Outside of her life in the law, Wilson was a passionate advocate of education for children unable to succeed in traditional school settings. She long advocated for an innovative alternative school in Oklahoma City, and founded one a few years before her death. After she passed away, her Seeworth Academy was renamed the Justice Alma Wilson Seeworth Academy. Seeworth is a public charter alternative school serving at-risk children, primarily in northeast Oklahoma City.

Before beginning her service on the civil appeals court, Patricia MacGuigan worked as an assistant district attorney, and in private practice.

Reta Strubhar was an assistant attorney general and an assistant district attorney, as well as an attorney in private practice. She then was an associate district judge in Canadian County before beginning her tenure on the criminal appeals court.

Before becoming attorney general in 1991, Susan B. Loving was an assistant attorney general. She is now named partner in an Edmond law firm.

Deputy Clerk Rhonda Reynolds opened the court session, at which Judge Miles-LaGrange presided. Judge Arlene Johnson presented the awards, and Governor Fallin was the featured speaker.

The day's honorees included members of the federal bench Stephanie Seymour, Robin Cauthron, Claire V. Eagan, Dana Rasure, Sarah Hall and Kimberly E. West. For their roles as clerks or magistrates, these women were honored: Vera Howard, Sue Ashley, Dottie Evans and Omega Lane. For other roles in the federal system, Susan M. Otto and Vanessa Thurman were afforded honors.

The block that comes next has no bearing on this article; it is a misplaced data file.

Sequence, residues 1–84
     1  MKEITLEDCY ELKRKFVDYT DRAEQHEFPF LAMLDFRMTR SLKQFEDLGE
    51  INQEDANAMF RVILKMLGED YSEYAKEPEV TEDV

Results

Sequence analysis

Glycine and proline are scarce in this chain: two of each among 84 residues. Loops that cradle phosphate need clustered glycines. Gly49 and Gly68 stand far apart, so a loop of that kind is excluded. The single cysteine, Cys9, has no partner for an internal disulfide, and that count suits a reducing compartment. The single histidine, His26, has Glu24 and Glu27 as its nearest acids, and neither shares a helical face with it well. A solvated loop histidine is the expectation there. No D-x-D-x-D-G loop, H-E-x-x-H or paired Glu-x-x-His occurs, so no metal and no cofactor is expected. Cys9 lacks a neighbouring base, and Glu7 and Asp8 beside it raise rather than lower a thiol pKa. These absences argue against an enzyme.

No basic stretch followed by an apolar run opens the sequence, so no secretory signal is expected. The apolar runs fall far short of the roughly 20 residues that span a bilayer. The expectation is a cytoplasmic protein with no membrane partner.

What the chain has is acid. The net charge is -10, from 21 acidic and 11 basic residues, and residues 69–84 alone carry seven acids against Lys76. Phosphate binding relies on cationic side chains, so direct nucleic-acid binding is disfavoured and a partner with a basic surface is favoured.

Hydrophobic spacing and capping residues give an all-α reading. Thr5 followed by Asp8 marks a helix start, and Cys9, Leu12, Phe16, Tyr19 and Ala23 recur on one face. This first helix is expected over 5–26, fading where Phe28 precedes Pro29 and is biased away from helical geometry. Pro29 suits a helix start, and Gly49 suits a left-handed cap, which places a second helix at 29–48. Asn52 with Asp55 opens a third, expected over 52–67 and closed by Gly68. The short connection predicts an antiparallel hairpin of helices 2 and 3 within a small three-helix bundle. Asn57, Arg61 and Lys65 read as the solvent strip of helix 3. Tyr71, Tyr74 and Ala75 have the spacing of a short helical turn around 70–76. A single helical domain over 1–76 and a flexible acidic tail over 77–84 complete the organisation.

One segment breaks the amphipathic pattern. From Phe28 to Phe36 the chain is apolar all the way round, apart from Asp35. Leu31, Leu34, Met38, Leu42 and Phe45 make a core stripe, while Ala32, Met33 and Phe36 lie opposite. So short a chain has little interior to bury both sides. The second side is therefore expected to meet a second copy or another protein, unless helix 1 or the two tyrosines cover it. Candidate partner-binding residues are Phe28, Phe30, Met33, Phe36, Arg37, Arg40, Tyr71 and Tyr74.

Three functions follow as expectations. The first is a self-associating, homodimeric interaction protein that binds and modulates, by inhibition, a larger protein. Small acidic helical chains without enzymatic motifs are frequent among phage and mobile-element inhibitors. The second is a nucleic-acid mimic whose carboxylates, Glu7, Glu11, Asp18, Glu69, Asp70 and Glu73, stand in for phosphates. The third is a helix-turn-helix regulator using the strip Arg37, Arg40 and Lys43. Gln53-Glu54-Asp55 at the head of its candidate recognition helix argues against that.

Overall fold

Also at the event, special recognition for historic achievements also went to the following Oklahomans serving in the judiciary: Bana Roberts (U.S. Magistrate Judge), Valerie Couch, (U.S. Magistrate Judge), Justice Yvonne Kauger (state Supreme Court), Noma Gurich (state Supreme Court), Carol Hansen (state Court of Civil Appeals), Jane Wiseman (state Court of Civil Appeals) Arlene Johnson (state Court of Criminal Appeals), and Clancy C. Smith (state Court of Criminal Appeals).

Also receiving special recognition were Deborah Reheard (president, state Bar Association), Patricia Presley (Oklahoma County Court Clerk), Patience Latting (former Oklahoma City Mayor) and Jari Askins (former district judge, former lieutenant governor, and current Associate Provost at the University of Oklahoma Health Sciences Center).
Several members of the local bench delivered remarks at the observance, including Miles-LaGrange. Introducing her colleagues on the local federal bench, Miles-LaGrange quipped, “their remarks will be very brief. Colleagues please remember that the only thing separating us from the reception are your remarks.”

Speakers included Judge Lee West, Judge David L. Russell, Judge Cauthron, Judge Tim Leonard, Judge Stephen P. Friot, Judge Joe Heaton, and Judge Timothy D. DeGiusti.
Note: A certified teacher, Patrick B. McGuigan taught at Justice Alma Wilson Seeworth Academy for two years, also serving as Curriculum Director.